This chapter provides basic information about the procedures involved in the administering of a deceased person’s All the property a person has, including real property and personal property. It is often used to describe property belonging to someone who has died, or the property of a bankrupt.. It is not intended that the chapter be used as a do-it-yourself kit, as in the majority of cases (except where small estates are involved) it is necessary that legal advice be obtained. This does not mean that a person who finds themself appointed as an The person named in a will as the one who must ensure that the deceased person’s intentions, as stated in the will, are carried out. or (1) (wills) Someone who takes legal responsibility for the possessions of a person who has died without making a will, or who is still alive but cannot manage their own possessions. For example, an administrator may be appointed to manage the money, house or other possessions of a person who has a severe mental disability. (2) (companies) A manager appointed by the directors of a company that is in financial difficulty. This may give creditors a better chance of getting their money back because the company can keep trading under supervised management instead of being wound up. should not be aware of the obligations, procedures, expenses and possible difficulties involved.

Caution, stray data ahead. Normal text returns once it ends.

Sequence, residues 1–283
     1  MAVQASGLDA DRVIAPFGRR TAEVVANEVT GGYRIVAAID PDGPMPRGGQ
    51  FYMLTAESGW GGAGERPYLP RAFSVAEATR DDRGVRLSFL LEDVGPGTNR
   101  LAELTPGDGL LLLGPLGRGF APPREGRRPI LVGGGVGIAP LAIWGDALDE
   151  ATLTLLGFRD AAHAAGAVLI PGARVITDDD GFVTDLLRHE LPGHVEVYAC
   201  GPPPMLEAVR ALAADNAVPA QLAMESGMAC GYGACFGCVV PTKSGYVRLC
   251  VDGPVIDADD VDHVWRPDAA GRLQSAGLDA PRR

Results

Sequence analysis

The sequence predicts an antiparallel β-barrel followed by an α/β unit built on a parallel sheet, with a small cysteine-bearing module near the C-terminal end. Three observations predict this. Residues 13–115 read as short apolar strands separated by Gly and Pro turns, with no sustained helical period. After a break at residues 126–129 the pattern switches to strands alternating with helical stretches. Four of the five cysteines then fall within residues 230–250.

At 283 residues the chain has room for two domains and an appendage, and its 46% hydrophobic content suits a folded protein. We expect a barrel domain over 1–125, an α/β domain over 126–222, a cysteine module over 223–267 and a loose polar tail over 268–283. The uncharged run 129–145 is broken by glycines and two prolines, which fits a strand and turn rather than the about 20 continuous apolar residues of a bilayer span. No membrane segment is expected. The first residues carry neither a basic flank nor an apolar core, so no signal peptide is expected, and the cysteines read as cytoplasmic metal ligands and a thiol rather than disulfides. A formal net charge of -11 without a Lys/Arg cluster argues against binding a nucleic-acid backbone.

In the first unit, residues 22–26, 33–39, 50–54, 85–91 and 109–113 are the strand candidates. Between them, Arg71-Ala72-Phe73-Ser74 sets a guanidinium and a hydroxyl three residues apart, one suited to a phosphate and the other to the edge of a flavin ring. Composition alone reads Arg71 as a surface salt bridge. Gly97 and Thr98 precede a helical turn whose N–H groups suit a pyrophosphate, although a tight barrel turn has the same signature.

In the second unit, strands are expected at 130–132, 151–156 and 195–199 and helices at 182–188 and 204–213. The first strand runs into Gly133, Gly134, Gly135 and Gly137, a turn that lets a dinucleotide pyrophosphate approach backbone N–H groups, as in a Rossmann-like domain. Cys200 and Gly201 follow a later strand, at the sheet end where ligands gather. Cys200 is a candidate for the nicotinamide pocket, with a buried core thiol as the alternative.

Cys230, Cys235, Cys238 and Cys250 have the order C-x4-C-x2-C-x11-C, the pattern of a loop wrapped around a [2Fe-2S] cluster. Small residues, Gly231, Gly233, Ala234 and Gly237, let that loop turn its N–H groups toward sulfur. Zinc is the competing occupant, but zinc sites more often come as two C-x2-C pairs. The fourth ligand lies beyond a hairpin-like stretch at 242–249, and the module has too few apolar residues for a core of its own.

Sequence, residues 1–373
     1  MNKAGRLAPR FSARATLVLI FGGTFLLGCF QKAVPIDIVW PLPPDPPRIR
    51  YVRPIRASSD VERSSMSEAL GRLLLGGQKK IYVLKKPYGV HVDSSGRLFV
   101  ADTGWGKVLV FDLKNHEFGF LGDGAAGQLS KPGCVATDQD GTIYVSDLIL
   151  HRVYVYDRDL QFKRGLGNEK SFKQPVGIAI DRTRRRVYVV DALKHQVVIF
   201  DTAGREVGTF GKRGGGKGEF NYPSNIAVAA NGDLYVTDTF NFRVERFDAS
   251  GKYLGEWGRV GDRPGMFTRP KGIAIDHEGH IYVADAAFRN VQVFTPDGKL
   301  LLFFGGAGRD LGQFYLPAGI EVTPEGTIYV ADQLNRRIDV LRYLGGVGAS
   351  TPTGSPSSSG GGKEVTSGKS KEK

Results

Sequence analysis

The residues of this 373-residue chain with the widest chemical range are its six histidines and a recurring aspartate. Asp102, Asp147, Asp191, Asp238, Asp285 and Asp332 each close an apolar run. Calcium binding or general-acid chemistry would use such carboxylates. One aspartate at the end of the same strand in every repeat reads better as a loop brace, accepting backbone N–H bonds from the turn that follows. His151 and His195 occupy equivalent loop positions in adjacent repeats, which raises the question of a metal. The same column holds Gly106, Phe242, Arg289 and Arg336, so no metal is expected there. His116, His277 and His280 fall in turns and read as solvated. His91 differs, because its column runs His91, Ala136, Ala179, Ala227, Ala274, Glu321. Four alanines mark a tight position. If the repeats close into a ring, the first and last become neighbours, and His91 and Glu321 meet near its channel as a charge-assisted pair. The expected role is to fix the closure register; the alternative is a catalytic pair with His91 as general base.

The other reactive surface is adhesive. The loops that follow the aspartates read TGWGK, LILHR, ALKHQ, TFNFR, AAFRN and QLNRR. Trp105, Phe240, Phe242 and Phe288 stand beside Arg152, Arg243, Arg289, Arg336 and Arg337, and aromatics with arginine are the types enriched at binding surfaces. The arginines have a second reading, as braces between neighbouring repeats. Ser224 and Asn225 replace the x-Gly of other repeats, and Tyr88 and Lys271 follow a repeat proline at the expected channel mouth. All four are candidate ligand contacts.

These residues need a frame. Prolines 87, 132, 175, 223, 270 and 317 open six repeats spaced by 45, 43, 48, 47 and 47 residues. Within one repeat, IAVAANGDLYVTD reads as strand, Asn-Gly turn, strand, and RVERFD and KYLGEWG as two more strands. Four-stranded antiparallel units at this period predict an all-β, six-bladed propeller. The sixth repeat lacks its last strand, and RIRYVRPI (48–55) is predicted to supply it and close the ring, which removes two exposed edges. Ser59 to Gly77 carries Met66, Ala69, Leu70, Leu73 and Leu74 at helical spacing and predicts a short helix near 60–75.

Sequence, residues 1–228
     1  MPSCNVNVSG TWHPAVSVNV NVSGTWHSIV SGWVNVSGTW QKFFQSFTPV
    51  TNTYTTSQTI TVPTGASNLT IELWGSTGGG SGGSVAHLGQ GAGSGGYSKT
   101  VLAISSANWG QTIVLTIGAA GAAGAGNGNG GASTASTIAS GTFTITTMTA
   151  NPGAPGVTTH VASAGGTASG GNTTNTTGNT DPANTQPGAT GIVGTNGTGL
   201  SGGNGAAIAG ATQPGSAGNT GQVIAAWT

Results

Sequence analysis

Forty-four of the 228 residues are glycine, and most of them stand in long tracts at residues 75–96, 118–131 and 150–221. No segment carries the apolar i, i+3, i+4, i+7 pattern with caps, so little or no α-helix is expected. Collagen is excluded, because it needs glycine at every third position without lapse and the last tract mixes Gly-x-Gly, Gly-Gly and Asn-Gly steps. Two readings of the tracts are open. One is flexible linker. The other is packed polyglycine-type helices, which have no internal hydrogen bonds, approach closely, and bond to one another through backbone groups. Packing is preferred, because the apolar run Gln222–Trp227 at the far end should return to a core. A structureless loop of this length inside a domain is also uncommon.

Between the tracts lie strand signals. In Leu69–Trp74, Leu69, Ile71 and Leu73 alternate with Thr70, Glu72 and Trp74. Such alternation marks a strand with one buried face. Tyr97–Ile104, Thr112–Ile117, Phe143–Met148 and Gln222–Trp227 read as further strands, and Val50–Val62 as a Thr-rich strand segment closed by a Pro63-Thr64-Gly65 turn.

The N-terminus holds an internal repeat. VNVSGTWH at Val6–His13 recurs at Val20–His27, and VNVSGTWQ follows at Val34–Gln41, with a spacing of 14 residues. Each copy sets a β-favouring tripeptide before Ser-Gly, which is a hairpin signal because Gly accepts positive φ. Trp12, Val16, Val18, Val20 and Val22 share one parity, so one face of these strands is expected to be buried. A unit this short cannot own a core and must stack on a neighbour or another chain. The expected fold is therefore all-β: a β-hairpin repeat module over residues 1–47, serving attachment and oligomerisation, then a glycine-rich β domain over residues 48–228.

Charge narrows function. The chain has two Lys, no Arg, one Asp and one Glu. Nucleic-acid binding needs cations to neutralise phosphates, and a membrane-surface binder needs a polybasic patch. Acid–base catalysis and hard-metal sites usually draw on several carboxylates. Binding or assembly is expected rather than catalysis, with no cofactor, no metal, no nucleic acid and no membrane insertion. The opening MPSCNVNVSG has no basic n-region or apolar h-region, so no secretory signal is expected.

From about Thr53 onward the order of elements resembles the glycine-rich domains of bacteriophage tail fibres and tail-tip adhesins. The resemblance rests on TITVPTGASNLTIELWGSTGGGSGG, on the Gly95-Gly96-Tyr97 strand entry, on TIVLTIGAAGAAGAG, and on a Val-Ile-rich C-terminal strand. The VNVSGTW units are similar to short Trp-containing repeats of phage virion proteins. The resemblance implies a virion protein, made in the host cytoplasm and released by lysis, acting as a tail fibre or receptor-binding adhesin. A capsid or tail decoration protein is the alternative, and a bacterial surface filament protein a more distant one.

Health, wills and other legal issues affecting older people
Health and the law
Legal issues affecting older people